A new Longevity Blue Zone in Martinique (France)

Longevity Blue Zones are regions of the world where the population has exceptional longevity. Until recently, four of them had been identified: the Nicoya peninsula in Costa Rica, and three islands: Okinawa (Japan), Sardinia (Italy), and Ikaria (Greece). Martinique (France) now joins the group. Michel Poulain and Anne Herm tell us more about it. 

Martinique is one of the overseas departments and regions of France (DROM), known for its bananas, its rum and its heavenly beaches. Its population of about 350,000 inhabitants exudes joie de vivre, even though it has the highest average age of all French regions. While this is largely due to low fertility and significant emigration of young people to metropolitan France, it may also have to do with their longevity (Vallin 2020, 2021).

How to ascertain the longevity of Martinique

To determine the level of longevity in Martinique, careful data collection was performed during the years 2020-2022 to ascertain how many people, among the birth cohorts of 1898-1920, lived past the age of one hundred years. Of these, some were already dead at the time of data collection (2022), but these are the “easy cases”, since all deaths are registered in France, including Martinique, and, since the end of 2019, they have been available in an open-access database with data going back to 1898 (http://www.data.gouv.fr). 

Unlike deaths, the centenarians who were still alive in 2022 and the number of births by municipality in the years 1898 to 1922 are more difficult to count or to estimate. A precious source is the census, which counts the number of centenarians born in Martinique, regardless of their (changing) place of residence in France (Table 1).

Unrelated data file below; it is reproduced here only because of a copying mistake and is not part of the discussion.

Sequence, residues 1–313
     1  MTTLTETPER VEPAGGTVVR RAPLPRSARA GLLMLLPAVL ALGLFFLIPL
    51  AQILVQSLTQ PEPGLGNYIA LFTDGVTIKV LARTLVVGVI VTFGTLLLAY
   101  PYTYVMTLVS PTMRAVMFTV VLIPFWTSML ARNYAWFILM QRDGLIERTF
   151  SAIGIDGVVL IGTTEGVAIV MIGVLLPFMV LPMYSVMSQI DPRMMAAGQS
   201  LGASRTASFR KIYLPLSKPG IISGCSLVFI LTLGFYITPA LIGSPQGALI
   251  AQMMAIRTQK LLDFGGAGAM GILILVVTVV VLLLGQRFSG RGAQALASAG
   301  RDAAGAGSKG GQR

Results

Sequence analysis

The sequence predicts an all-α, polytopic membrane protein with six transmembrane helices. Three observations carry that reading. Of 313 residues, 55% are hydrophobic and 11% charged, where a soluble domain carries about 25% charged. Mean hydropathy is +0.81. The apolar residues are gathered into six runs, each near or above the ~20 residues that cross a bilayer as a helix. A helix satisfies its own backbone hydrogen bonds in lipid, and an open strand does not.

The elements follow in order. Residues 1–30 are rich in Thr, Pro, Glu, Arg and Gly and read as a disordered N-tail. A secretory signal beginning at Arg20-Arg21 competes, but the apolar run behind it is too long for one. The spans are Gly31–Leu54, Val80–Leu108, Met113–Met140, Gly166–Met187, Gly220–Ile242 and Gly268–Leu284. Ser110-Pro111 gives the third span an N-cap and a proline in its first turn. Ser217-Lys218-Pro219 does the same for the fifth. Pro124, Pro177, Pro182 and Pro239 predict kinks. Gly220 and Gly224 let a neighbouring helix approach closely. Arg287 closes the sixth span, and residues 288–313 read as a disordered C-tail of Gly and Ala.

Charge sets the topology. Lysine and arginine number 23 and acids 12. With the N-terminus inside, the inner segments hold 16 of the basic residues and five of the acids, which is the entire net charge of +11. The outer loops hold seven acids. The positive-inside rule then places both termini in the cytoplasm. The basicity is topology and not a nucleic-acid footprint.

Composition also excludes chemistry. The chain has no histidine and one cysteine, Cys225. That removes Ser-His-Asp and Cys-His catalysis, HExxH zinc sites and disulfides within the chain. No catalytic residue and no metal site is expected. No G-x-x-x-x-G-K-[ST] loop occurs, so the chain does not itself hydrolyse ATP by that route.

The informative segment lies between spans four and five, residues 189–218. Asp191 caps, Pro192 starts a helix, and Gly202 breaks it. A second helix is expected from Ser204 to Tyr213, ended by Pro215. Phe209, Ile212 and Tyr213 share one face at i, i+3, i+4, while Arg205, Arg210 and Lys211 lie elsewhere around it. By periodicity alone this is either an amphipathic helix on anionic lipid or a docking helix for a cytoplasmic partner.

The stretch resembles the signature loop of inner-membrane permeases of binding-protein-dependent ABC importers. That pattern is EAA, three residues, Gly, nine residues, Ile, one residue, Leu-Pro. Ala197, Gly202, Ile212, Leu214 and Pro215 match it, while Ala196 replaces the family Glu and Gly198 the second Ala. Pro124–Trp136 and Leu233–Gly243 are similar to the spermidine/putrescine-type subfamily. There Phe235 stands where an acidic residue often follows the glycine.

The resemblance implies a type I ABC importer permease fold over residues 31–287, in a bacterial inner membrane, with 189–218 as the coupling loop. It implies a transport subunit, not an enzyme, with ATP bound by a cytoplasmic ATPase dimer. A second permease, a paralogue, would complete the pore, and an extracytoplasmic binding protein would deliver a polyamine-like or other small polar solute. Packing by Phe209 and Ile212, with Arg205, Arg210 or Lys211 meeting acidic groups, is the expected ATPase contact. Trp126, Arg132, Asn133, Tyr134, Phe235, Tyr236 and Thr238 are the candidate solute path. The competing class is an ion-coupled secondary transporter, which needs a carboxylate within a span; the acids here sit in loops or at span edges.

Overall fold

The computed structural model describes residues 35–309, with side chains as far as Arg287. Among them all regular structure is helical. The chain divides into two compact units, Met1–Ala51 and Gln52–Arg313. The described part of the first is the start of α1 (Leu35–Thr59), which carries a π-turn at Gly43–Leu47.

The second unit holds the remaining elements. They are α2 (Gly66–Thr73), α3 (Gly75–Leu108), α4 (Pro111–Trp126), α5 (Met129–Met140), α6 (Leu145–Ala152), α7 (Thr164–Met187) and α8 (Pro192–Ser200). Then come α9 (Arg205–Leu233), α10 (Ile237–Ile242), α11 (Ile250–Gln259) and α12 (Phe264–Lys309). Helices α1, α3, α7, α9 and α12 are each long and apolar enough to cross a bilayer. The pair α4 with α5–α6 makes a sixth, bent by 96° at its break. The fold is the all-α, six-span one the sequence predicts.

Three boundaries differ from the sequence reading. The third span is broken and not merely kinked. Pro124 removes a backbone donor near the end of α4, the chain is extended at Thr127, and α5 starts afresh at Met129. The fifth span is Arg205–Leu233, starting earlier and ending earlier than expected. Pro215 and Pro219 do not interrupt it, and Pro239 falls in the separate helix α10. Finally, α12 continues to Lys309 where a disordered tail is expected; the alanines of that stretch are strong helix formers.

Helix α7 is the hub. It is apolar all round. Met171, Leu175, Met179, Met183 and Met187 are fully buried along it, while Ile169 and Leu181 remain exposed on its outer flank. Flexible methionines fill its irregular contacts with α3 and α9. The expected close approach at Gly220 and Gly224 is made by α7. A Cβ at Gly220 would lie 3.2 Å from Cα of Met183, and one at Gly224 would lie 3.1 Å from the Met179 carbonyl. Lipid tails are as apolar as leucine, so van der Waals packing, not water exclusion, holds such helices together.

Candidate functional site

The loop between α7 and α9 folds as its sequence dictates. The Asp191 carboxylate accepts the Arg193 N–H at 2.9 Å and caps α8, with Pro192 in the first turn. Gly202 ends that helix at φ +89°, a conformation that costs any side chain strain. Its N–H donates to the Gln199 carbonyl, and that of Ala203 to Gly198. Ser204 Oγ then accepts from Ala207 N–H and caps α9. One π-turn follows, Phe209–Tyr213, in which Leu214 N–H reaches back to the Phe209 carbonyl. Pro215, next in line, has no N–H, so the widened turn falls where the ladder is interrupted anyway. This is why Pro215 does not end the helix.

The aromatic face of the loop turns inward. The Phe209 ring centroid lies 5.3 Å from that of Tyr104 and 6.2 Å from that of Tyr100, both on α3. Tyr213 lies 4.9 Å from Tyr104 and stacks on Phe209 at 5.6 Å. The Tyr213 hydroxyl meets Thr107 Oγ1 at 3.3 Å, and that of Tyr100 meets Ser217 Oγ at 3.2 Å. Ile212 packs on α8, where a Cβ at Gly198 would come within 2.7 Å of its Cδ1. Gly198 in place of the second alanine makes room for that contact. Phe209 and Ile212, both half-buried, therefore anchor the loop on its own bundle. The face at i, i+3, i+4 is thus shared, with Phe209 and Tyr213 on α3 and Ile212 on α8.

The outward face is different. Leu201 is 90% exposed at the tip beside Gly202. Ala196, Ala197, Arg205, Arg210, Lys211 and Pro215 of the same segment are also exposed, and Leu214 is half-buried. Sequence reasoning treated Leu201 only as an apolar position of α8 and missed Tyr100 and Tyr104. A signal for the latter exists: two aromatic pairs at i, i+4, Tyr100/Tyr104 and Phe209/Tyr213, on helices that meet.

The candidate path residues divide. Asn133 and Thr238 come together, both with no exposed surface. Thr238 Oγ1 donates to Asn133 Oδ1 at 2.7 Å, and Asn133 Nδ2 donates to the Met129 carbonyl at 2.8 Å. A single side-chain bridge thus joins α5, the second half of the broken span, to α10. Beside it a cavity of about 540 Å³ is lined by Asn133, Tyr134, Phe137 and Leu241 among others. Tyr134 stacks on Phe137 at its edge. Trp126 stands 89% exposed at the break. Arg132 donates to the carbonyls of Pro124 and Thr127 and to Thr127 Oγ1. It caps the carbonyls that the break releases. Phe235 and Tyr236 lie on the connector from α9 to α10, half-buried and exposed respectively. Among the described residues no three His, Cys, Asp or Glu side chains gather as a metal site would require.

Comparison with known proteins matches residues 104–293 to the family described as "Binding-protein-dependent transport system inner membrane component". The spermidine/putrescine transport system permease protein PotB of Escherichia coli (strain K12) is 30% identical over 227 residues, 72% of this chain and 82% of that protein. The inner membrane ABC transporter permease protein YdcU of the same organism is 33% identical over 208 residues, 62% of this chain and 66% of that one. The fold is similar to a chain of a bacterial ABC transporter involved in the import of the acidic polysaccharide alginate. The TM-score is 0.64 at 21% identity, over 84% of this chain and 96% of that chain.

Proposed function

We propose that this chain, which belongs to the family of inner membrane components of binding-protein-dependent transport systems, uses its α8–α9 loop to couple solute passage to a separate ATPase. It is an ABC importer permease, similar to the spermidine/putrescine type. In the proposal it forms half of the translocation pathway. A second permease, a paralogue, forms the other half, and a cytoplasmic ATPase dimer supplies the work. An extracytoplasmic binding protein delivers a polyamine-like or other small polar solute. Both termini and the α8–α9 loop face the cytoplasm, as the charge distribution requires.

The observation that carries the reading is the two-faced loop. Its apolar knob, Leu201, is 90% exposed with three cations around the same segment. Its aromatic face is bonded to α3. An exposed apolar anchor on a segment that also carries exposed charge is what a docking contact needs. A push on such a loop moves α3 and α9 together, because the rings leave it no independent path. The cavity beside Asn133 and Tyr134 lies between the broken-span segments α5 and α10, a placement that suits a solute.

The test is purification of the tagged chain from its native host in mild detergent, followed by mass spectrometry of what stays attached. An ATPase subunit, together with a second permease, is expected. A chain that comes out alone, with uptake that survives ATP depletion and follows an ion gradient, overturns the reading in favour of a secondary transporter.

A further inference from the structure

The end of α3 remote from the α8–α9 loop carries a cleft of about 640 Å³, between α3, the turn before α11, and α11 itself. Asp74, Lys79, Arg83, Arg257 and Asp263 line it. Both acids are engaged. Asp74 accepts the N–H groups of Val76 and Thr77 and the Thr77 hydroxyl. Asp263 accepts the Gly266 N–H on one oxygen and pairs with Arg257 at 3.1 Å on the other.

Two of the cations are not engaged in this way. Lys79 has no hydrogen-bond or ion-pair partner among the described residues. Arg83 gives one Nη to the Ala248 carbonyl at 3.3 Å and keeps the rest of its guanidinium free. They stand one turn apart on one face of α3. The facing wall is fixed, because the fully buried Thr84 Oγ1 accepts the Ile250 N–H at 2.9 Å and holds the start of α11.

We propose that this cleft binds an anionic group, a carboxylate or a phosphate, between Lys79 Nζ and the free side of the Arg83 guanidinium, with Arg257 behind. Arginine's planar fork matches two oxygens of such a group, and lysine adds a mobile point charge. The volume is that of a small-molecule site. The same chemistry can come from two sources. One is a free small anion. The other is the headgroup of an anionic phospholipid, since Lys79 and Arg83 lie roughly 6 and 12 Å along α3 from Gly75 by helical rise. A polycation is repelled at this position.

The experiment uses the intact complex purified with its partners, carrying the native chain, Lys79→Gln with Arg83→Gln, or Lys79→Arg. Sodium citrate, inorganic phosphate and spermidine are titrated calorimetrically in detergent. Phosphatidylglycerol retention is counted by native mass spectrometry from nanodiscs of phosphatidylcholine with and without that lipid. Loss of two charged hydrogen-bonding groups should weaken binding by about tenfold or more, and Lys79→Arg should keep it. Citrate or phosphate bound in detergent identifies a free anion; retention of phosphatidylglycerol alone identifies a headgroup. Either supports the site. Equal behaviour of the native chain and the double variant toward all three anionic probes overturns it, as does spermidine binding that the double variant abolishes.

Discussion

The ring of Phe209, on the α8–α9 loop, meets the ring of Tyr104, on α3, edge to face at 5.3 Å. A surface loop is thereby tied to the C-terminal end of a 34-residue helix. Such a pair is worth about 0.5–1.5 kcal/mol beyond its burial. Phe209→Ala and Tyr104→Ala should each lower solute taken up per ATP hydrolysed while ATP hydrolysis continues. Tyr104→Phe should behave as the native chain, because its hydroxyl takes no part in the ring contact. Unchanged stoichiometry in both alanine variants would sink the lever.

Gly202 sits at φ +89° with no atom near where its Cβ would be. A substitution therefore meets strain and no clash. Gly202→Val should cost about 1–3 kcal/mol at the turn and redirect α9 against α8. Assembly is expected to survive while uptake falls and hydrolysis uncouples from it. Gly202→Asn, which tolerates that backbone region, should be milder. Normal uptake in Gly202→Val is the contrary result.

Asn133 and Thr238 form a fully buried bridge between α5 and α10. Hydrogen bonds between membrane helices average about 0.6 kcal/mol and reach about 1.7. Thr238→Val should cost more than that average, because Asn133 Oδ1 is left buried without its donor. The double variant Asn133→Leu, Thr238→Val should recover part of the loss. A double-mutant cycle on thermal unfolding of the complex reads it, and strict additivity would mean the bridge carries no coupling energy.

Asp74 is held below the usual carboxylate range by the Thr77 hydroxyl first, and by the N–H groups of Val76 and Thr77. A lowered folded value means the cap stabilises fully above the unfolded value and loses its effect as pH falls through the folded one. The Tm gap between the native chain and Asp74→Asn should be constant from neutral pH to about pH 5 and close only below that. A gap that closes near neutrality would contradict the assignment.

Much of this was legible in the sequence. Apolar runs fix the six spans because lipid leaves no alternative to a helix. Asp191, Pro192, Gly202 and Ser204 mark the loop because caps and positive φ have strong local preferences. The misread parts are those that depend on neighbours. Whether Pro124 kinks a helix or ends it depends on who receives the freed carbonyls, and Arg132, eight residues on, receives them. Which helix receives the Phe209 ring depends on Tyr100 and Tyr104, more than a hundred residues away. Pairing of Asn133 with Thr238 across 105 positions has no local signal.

Probability of reaching 100 years

The extreme longevity index (ELI), the probability of reaching 100 years of age within a birth cohort, is one of the most widely used indicators of longevity. We calculated it for Martinique (dividing the number of centenarians born there, both alive and dead at the time of observation, by the total number of births of that cohort) and we compared it with the ELI for the whole of France (Figure 1).

The survival advantage of people born in Martinique over the French population as a whole is large and appears to increase over time: for instance, in the 1920 birth cohort, there were 24.5 centenarians per thousand births in Martinique versus 16.7 in France as a whole.

Mortality rates at age 90 years and above

Total and age-specific mortality rates for the birth cohorts of 1898 to 1914 (practically extinct by 2022) can be calculated for Martinique and France with the extinct generation method (Vincent 1951). Figure 2 offers an example of what can be derived from it, and confirms the pattern shown in Figure 1: remarkably lower mortality rates among those born in Martinique and an advantage that increases with age. By age 100 years and over, the mortality of Martinicans is about half that of the French population as a whole.


In the search for areas of very high survival, data quality is essential. In this case, as in others (Poulain, Herm and Pes 2013), all the data were accurately verified, without detecting errors, such as omissions or age exaggeration. And they testify to the exceptional survival of the population of Martinique in general, and not just a few privileged individuals. Martinique displays a longevity comparable to that of the Nicoya peninsula (Costa Rica) and of the islands of Okinawa (Japan), Sardinia (Italy), and Ikaria (Greece): the so-called Longevity Blue Zones thus increase from four to five. More information on these zones and the research project that investigates them can be found on the recently launched website longevitybluezone.com


Poulain, M., Herm, A. & Pes, G.M. (2013). The blue zones : Areas of exceptional longevity around the world. Vienna Yearbook of Population Research, 11

Vallin, J. (2020). Why are supercentenarians so frequently found in French Overseas Departments? The cases of Guadeloupe and Martinique. Genus, 76, Article number: 26.

Vallin J. (2021). Eight times more supercentenarians in the French West Indies than in metropolitan France. Gérontologie et société, 43166.3, September 2021, 143-165.

Vincent P. (1951). La mortalité des vieillards, Population 6:182-204. doi: http://dx.doi.org/10.2307/1524149

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